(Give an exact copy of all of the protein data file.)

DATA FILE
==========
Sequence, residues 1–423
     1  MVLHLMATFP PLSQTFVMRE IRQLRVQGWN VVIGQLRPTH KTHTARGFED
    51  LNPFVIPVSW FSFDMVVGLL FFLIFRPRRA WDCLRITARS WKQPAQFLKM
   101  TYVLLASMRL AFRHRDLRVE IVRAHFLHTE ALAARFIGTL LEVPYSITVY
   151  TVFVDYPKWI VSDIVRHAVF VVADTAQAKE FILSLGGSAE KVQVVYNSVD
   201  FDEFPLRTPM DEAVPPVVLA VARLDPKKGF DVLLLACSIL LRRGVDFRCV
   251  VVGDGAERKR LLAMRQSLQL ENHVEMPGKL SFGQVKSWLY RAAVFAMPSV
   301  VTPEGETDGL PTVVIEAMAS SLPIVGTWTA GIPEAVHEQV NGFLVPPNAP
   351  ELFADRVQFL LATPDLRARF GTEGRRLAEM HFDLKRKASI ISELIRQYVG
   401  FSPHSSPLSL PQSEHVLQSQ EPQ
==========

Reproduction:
Sequence, residues 1–423
     1  MVLHLMATFP PLSQTFVMRE IRQLRVQGWN VVIGQLRPTH KTHTARGFED
    51  LNPFVIPVSW FSFDMVVGLL FFLIFRPRRA WDCLRITARS WKQPAQFLKM
   101  TYVLLASMRL AFRHRDLRVE IVRAHFLHTE ALAARFIGTL LEVPYSITVY
   151  TVFVDYPKWI VSDIVRHAVF VVADTAQAKE FILSLGGSAE KVQVVYNSVD
   201  FDEFPLRTPM DEAVPPVVLA VARLDPKKGF DVLLLACSIL LRRGVDFRCV
   251  VVGDGAERKR LLAMRQSLQL ENHVEMPGKL SFGQVKSWLY RAAVFAMPSV
   301  VTPEGETDGL PTVVIEAMAS SLPIVGTWTA GIPEAVHEQV NGFLVPPNAP
   351  ELFADRVQFL LATPDLRARF GTEGRRLAEM HFDLKRKASI ISELIRQYVG
   401  FSPHSSPLSL PQSEHVLQSQ EPQ